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Bright Harvest Sweet Potato Co., Inc. v. H.J. Heinz Co., L.P.

United States District Court, D. Idaho

March 17, 2017

BRIGHT HARVEST SWEET POTATO COMPANY, INC., Plaintiff,
v.
H.J. HEINZ COMPANY, L.P., Defendant.

          MEMORANDUM DECISION AND ORDER

          B. Lynn Winmill United States District Court

         INTRODUCTION

         The Court has before it Plaintiff's Motion for Award of Attorney Fees (Dkt. 332). The motion is fully briefed, and the Court now issues the following decision.

         BACKGROUND

         This matter was tried to a jury twice. Although somewhat complicated by the type of contract, at its core the case involved a single breach of contract claim. Bright Harvest alleged that Heinz breached the Co-Pack Agreement between the parties when Heinz stopped purchasing sweet potato fries prior to expiration of the agreement.

         Bright Harvest and Heinz signed the Co-Pack Agreement on December 7, 2009. The Co-Pack Agreement set terms, conditions, and prices for Bright Harvest to produce sweet potato fries under Heinz's Ore-Ida label. (Dkt. 45-2, p. 1).

         The Agreement set forth that Heinz “shall place purchase orders with Co-Packer [Bright Harvest], and Co-Packer shall sell and deliver to Heinz, quantities of the products [sweet potato fries] under the terms of this Agreement.” (Dkt. 10-1, p. 4). The term of the Agreement was from December 1, 2009 until November 30, 2015. (Dkt. 10-1, p. 4). The Agreement established a “non-binding planning target of 10 million pounds of sweet potato fries per year, ” and indicated that it was “the intent of the Parties that Heinz will deliver to Co-Packer purchase orders for such Products as hereinafter provided, subject to the current capacity of Co-Packer to produce such Products.” (Dkt. 10-1, p. 5). In addition, Heinz was to provide rolling weekly demand files with 5 weeks of firm production orders and 8 weeks of forecast. (Dkt. 10-1, p. 5). No purchase order could exceed 50% of Bright Harvest's current forecasted volume without mutual consent. (Dkt. 10-1, p. 5). Further, Heinz was to provide Bright Harvest 12 to 18 month rolling forecasts quarterly for operational management and capacity planning. (Dkt. 10-1, p. 6).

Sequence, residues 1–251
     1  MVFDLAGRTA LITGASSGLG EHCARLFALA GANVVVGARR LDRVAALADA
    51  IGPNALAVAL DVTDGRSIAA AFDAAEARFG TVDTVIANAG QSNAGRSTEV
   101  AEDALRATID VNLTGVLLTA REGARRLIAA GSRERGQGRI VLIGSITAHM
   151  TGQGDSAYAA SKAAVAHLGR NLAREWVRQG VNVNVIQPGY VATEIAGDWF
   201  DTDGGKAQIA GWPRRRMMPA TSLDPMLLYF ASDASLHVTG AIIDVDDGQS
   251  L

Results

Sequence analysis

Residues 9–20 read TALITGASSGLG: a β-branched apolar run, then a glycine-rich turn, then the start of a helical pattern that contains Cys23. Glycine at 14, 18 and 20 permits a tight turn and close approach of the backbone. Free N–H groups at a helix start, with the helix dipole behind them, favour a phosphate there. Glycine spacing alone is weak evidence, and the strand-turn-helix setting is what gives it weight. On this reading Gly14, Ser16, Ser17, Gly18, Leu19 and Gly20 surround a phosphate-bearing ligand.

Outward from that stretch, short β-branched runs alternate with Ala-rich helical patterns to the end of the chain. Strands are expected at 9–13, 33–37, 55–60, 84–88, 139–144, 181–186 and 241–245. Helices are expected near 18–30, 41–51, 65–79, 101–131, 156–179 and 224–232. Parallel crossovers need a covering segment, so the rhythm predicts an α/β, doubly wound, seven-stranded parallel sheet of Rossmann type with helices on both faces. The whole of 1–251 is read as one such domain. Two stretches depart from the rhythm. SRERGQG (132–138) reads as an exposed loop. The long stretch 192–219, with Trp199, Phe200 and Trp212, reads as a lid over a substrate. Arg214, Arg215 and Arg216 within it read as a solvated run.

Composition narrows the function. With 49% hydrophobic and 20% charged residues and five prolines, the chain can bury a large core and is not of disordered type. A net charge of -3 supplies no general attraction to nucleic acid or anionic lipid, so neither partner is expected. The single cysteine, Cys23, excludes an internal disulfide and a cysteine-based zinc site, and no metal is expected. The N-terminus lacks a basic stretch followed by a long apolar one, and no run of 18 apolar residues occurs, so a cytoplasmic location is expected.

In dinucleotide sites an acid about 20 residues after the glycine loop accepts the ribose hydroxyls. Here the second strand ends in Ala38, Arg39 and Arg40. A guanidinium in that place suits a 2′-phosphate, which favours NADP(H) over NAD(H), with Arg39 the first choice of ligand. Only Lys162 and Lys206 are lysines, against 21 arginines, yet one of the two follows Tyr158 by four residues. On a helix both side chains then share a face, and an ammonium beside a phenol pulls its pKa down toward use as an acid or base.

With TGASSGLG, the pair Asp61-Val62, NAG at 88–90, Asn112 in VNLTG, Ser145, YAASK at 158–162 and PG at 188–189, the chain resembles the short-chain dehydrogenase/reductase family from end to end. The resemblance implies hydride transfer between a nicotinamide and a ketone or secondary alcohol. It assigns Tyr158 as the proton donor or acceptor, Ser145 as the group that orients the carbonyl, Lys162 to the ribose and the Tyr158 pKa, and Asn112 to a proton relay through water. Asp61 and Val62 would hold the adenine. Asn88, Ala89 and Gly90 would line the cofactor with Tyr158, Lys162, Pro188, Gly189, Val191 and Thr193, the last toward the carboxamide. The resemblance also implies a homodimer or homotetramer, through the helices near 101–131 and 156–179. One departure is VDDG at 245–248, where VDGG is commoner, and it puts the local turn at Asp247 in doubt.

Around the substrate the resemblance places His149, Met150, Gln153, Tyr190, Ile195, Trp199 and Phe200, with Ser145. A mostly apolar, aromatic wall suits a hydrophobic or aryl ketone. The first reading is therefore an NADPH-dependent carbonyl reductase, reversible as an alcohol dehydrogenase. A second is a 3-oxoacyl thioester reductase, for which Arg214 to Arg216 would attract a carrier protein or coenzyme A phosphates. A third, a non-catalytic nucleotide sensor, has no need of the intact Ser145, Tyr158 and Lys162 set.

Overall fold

Bright Harvest began supplying Heinz with sweet potato fries in 2009. In the first year of the contract, Bright Harvest produced approximately half of the requested 400, 000 pounds of sweet potato fries, and in 2010, they produced 6 million pounds for Heinz. (Dkt. 45-1, p. 5). While the Agreement was still in effect, Heinz began producing sweet potato fries in its Ontario, Oregon facility. (Dkt. 45-1, p. 5). And, in March 2011, it submitted a 13-month rolling forecast to Bright Harvest requesting only 4.1 million pounds of sweet potato fries between April 2011 and 2012. (Dkt. 45-1, p. 6). Sweet Harvest claimed that this drop in requested production constituted a breach of the Co- Pack Agreement. To settle this dispute, Heinz drafted a letter revising its forecast from 4.1 million pounds to over 7 million pounds, which Bright Harvest signed. (Dkt. 45-1, p. 6). However, beginning in July of 2011, Heinz provided Bright Harvest with 12-18 month forecasts showing zero volume for all products after September 2012. (Dkt. 45-1, p. 8). Regarding this as a breach of the Co-Pack Agreement, Bright Harvest filed a breach of contract claim against Heinz in July 2011.